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How to Become a Technical Recruiter

How to Become a Technical Recruiter

Is there any way to get started on how to become a technical recruiter or to improve your skills if you’re already one?

No matter where you are on the HR career ladder, there are a number of things you can do to improve your chances of success.

In this post, we’ll show you how to become a technical recruiter and how to hone your craft. To help you get started immediately, we’ve compiled a list of doable suggestions.

What is a Technical Recruiter?

Hiring for information technology (IT) positions is the sole focus of a technical recruiter.

When it comes to filling open positions, they work closely with hiring managers to identify and select qualified candidates.

Recruitment firms or in-house HR departments can employ technical recruiters.

Technical Recruiter Salary

The remuneration you’ll obtain as a recruiter should also be considered when deciding “how to become a recruiter?”

According to the Bureau of Labor Statistics, the average annual salary for a human resources specialist in 2017 was $60,350.

In terms of salary, a Technical Recruiter’s annual salary is $48,734 (median $50,863).

How to Become a Technical Recruiter

1.Get a Better Understanding of the Subject Matter.

Technical recruiters are expected to have a background in technology. The truth is, this is a rare occurrence in real life.

It’s rare for developers to take on the role of a recruiter. Psychologists, business people, marketers, human resources personnel and sociologists make up a large percentage of technical recruiters.

You don’t have to be an engineer to find engineers to work for your company. There is no doubt that if you have a technical background, you will have an advantage when starting out.

Your chances of getting hired as a technical recruiter will be better than someone with a psychology degree and no tech experience if you have worked in Java, for example.

2. Hone your Non-academic Talents and Abilities

However, there is more to recruitment than just your educational background, and your degree may be a reflection of your interests and passions.

You’re more likely to be successful as a recruiter if you have certain characteristics, both mental and emotional. Included in this list, per the Bureau of Labor Statistics are:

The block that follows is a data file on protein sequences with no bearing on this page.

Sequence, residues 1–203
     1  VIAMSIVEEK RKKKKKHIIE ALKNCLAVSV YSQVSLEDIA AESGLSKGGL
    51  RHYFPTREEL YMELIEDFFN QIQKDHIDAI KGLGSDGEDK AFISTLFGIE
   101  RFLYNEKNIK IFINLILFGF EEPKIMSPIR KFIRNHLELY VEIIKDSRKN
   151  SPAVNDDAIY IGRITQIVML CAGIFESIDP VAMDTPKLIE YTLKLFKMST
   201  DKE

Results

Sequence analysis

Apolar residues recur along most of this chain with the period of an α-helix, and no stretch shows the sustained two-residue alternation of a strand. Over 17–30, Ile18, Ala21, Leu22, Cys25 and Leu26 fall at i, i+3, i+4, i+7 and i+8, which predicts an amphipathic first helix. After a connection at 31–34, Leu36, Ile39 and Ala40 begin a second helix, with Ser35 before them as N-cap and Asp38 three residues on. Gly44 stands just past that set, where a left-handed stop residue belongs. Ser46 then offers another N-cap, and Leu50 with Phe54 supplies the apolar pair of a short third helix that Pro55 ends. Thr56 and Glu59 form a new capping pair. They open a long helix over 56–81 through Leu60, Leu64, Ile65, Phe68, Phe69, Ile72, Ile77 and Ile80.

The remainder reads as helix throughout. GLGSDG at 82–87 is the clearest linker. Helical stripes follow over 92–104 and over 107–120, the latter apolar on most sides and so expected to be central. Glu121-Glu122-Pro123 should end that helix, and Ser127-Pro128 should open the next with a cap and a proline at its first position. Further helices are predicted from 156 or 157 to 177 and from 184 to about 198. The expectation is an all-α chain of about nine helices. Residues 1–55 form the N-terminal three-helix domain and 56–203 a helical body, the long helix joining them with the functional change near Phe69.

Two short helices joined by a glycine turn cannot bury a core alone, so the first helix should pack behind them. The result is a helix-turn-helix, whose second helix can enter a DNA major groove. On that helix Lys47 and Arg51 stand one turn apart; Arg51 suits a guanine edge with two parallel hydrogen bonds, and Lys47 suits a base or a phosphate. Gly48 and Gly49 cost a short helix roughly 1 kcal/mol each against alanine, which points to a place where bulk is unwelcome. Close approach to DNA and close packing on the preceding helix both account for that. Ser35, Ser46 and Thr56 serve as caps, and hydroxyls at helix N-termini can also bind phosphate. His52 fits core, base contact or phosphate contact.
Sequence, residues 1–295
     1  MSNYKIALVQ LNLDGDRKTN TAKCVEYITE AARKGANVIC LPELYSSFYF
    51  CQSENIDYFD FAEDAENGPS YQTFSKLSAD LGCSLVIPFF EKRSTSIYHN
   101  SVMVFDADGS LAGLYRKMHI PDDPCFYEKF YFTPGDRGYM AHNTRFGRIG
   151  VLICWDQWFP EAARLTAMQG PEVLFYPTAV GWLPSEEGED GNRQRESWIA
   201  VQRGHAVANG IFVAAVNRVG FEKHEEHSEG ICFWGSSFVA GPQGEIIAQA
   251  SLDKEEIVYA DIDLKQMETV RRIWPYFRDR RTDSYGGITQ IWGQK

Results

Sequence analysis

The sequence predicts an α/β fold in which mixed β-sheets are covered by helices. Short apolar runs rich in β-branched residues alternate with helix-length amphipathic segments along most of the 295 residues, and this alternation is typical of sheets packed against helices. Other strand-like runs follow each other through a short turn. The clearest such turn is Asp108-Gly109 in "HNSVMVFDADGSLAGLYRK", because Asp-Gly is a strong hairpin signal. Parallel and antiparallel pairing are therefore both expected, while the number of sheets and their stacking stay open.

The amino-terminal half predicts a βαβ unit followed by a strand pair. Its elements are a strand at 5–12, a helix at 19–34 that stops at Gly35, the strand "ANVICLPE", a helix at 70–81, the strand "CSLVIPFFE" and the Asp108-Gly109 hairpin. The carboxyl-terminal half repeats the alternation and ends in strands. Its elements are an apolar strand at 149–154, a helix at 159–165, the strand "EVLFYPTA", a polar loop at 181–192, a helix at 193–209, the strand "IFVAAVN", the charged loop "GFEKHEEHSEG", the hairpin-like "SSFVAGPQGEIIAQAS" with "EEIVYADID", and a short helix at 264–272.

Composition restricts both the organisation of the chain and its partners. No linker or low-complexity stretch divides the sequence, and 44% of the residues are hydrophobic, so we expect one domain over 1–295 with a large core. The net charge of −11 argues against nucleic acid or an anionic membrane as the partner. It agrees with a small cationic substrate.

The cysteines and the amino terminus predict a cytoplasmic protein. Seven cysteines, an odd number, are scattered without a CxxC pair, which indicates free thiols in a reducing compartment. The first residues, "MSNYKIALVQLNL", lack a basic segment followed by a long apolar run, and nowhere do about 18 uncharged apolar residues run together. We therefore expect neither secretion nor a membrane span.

Effectiveness in Interaction

It is essential for recruiters to be able to convey their message while also being attentive to the concerns of their potential hires.

The Ability to Make Sound Judgments

Decisions have to be made on a daily basis by human resources professionals, as well as to resolve disputes or defend their position when necessary.

Being unable to make a decision is a major red flag.

A Keen Eye for the Smallest Details.

When it comes to HR, being able to identify relevant information is essential.

You shouldn’t be alarmed if you see a binder in the office of a recruiter because they need to be focused when doing background checks or keeping records.

If you don’t like filling out paperwork or making phone calls, you might want to think again.

3. Be Familiar With the Resources at Your Disposal (and be open to new ones)

There are a plethora of recruiting tools available today, and narrowing your search to just one can take a considerable amount of time.

Choosing the right tool usually necessitates watching a number of demos in order to make an informed choice, which takes a considerable amount of time.

Having said that, I think it’s a wise investment. If you use the right recruitment tools, you’ll save a lot of time that you would otherwise spend doing manual work.

When it comes to personalization, remember that automating the right tasks frees you up to spend more time on it without sacrificing quality.

Make intelligent decisions about the tasks you choose to automate.

Spend as little time moving things as possible by taking advantage of integration opportunities and/or selecting solutions that allow users doing more than a thing (i.e. developer screening and interview, like our very own DevSkiller).

4. Spend Time Getting to Know the Candidates You’re Considering for Employment.

They all have one thing in common: Developers hate recruiters.

Today’s recruiters have a bad reputation with developers because of their lack of understanding of a developer’s job, spamming them to death, and employing a variety of black-hat hiring methods.

Put your efforts into making the hiring process more human and creating a positive candidate experience rather than simply increasing pay and benefits.

In order to deviate from the norm, start by learning about what developers like and dislike about the hiring process.

Some 22% of all developers do not even have a LinkedIn profile. One of the most popular ways to hire developers is through this channel.

To put it another way, most recruiters aren’t even looking in the right places.

Another 17 percent of developers say the interview process is their least favorite part of the hiring process because it takes too long, recruiters ask irrelevant questions, or they have to go into the company physically.

Another 15.11 percent dislike writing and updating resumes, and 14.46 percent dislike writing cover letters.

Finally

Technical recruiters should always keep up with the latest technology and work extra hard to ensure that their candidates have a good experience during the hiring process.

This is the main difference between a technical recruiter and any other type of recruiter.

Fortunately, this is not an insurmountable task, as today’s workforce desperately needs talented technical recruiters. Is there anything else you’d like to do before this?

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